ACA’s Medicaid eligibility expansion in Delaware
Federal poverty level calculator
of Federal Poverty Level
Total enrollment in Delaware’s Medicaid/CHIP program grew by over 56,000 people from 2013 to late 2021 — a net enrollment growth of 20%.
Not coincidentally, the uninsured rate in Delaware dropped from 9.1% in 2013 to 5.7% in 2017. But it grew to 6.6% in 2019, in line with the nationwide increase in the uninsured rate under the Trump administration.
Delaware has accepted federal Medicaid expansion
- 279,597 – Number of Delawareans covered by Medicaid/CHIP as of September 2021
- 56,273 – Increase in the number of Delawareans covered by Medicaid/CHIP fall 2013 to September 2021
- 32% – Reduction in the uninsured rate from 2010 to 2019
- 20% – Increase in total Medicaid/CHIP enrollment in Delaware since Medicaid expansion took effect
Who is eligible for Medicaid in Delaware?
The following eligibility levels apply to Delaware’s Medicaid program.
- Children birth to 1 year with family income up to 212% of the federal poverty level (FPL)
- Children 1 to 5 years with family income up to 142% of FPL
- Children 6 to 18 with family income up to 133% of FPL
- Pregnant women with family income up to 212% of FPL
- Parents with family income up to 138% of FPL
- Childless, non-elderly adults with family income up to 138% of FPL (Medicaid expansion population)
- Elderly and disabled individuals with special requirements and who meet certain income limits. Use Delaware ASSIST (Application for Social Services and Internet Screening Tool) to see if you qualify.
Children ages 1-18 who aren’t eligible for Medicaid but whose household income doesn’t exceed 212% of FPL, are covered through the Healthy Children program, which is Delaware’s Children’s Health Insurance Program.
How does Medicaid provide financial assistance to Medicare beneficiaries in Delaware?
Many Medicare beneficiaries receive Medicaid financial assistance that can help them with Medicare premiums, lower prescription drug costs, and pay for expenses not covered by Medicare – including long-term care.
Our guide to financial assistance for Medicare enrollees in Delaware includes overviews of these programs, including Medicaid nursing home benefits, Extra Help, and eligibility guidelines for assistance.
How do I enroll for Medicaid in Delaware?
- You can apply for Medicaid online at HealthCare.gov or through Delaware ASSIST.
- You can fill out a paper application and return it by mail. Call 1-800-372-2022 or 302-255-9500 to have an application mailed to you.
- Call 1-800-372-2022 or 302-255-9500 to be directed to the nearest DSS office.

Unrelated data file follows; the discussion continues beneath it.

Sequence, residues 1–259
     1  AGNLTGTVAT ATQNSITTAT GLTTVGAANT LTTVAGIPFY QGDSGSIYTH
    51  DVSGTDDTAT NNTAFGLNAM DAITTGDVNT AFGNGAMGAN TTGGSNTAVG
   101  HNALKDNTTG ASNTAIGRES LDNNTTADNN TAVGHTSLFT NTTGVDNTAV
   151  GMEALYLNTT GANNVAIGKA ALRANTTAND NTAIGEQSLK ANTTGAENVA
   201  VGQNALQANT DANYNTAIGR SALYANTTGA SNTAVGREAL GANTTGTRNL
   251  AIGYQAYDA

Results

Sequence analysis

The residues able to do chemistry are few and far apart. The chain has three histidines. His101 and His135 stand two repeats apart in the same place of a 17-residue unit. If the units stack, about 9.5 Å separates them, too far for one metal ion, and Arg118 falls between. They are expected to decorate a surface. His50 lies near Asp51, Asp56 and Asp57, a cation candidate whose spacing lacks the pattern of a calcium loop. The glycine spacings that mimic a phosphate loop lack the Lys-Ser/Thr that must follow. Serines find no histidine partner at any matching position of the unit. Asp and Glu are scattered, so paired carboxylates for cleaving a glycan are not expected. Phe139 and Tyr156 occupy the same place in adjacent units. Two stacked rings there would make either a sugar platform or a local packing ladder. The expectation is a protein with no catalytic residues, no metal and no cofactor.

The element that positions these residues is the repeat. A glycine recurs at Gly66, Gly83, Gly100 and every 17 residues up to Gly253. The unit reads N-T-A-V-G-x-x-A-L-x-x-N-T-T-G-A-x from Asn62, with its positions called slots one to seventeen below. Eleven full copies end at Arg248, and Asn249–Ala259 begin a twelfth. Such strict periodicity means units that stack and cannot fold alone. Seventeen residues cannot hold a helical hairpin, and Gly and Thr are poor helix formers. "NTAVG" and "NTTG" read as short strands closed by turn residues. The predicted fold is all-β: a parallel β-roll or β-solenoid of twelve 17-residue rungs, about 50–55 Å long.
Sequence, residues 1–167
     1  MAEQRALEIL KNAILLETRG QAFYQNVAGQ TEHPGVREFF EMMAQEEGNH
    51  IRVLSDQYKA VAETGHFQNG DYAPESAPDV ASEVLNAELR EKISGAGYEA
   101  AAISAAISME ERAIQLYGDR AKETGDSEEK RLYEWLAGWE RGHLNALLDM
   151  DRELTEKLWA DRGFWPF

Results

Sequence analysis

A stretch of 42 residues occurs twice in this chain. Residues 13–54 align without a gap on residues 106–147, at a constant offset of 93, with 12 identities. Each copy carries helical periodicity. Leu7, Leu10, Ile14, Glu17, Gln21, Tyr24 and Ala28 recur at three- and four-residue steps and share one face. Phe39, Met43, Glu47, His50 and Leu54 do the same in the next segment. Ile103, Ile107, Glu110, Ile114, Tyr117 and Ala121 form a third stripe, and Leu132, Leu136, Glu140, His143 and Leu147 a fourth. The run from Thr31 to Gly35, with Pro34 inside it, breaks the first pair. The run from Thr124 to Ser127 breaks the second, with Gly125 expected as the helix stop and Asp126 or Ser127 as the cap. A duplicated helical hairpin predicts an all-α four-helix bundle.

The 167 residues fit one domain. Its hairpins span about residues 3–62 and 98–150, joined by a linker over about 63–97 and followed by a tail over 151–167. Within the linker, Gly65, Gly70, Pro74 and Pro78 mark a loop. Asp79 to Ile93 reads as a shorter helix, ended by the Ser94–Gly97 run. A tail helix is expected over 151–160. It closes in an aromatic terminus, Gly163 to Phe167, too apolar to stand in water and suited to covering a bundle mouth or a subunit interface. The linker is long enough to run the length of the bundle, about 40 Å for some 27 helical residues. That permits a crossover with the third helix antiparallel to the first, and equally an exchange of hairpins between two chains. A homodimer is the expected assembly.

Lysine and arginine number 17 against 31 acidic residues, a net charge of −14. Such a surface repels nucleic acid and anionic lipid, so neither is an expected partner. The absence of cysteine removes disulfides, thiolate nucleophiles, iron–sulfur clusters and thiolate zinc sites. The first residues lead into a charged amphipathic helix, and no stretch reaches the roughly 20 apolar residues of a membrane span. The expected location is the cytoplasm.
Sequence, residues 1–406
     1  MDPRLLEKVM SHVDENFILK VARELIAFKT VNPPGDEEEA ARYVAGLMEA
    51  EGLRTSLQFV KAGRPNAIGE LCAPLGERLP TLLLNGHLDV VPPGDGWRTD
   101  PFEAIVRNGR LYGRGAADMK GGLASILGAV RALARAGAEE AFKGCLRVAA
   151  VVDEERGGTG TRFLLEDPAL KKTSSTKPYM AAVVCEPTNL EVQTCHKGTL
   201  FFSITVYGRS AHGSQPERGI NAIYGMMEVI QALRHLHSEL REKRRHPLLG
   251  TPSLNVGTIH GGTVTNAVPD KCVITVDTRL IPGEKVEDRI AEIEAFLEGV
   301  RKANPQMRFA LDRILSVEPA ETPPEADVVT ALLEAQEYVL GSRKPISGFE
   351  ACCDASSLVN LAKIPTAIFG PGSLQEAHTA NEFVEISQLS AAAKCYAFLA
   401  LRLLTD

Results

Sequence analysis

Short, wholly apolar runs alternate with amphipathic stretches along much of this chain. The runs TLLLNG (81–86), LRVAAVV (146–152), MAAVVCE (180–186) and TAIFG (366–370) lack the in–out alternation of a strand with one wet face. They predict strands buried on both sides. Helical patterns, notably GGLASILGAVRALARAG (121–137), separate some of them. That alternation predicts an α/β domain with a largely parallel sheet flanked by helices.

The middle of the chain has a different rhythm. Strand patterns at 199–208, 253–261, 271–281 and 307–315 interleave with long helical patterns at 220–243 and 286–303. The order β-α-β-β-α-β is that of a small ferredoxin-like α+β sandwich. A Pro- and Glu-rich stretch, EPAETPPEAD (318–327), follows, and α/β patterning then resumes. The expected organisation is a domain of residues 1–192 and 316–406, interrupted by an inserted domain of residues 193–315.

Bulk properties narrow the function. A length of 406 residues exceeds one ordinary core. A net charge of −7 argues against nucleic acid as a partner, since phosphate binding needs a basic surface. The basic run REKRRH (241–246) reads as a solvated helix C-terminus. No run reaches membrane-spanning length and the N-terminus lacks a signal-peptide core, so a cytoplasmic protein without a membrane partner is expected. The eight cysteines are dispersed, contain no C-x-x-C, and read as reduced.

- To apply for long-term care, call the Medicaid Central Intake Unit at 1-866-940-8963 or the Long Term Care office for your county.
Delaware Medicaid enrollment numbers
As of January 2021, total enrollment in Delaware’s Medicaid/CHIP programs had grown by 15% since 2013, reaching 257,177 people. This is quite a bit smaller than the enrollment growth in other states, particularly those that have expanded Medicaid. Nationwide, total Medicaid/CHIP enrollment is up 40% from where it stood in late 2013, with significant enrollment growth in 2020 as a result of the COVID pandemic (under the Families First Coronavirus Response Act, states receive additional federal Medicaid funding but cannot disenroll Medicaid members for the duration of the COVID public health emergency period). But Delaware’s median household income is higher than the national average, so fewer people are eligible for coverage intended for low-income households.
By late 2021, total enrollment in Medicaid/CHIP programs in Delaware reached 279,597 people.
Delaware Medicaid history
Delaware originally implemented Medicaid in October 1966.
Starting in 1996, the state began converting much of its program to managed care, contracting with managed care organizations (MCOs) to provide Medicaid benefits. The state currently contracts with two MCOs (AmeriHealth Caritas Delaware and Highmark Health Options) to provide Medicaid benefits to eligible enrollees. Those contracts expire at the end of 2022, and the state is soliciting feedback on ways to improve the program before the new contracts begin at the start of 2023.
Initially, DSHP primarily covered low-income children and adults. As of 2018, Delaware covered about 84% of its Medicaid beneficiaries through managed care.
In April 2012, Delaware received approval to move some of its long-term care and dual-eligible (those who qualify for both Medicaid and Medicare) populations to managed care. This program is called DSHP Plus.
Louise Norris is an individual health insurance broker who has been writing about health insurance and health reform since 2006. She has written dozens of opinions and educational pieces about the Affordable Care Act for healthinsurance.org. Her state health exchange updates are regularly cited by media who cover health reform and by other health insurance experts.